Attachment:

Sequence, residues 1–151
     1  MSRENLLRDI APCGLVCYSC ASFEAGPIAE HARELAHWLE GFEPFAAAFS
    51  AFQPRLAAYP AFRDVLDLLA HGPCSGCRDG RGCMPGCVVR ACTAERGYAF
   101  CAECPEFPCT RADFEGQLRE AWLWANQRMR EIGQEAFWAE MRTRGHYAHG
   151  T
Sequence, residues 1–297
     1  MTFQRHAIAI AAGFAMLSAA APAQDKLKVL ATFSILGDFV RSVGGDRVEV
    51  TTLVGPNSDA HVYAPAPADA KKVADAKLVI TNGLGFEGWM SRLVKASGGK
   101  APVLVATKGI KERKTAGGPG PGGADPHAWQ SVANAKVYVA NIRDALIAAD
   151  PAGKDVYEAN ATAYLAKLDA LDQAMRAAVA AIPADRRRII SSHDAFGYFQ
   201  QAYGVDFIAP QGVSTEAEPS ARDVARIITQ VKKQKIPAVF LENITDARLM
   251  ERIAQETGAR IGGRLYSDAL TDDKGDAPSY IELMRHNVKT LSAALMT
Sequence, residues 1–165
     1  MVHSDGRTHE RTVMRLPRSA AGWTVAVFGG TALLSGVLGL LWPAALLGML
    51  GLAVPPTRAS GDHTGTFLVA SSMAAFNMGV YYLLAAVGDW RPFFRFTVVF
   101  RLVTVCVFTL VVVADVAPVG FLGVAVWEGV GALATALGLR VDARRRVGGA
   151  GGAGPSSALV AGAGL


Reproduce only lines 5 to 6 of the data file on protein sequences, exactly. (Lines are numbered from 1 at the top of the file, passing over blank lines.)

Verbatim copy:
   151  T
Sequence, residues 1–297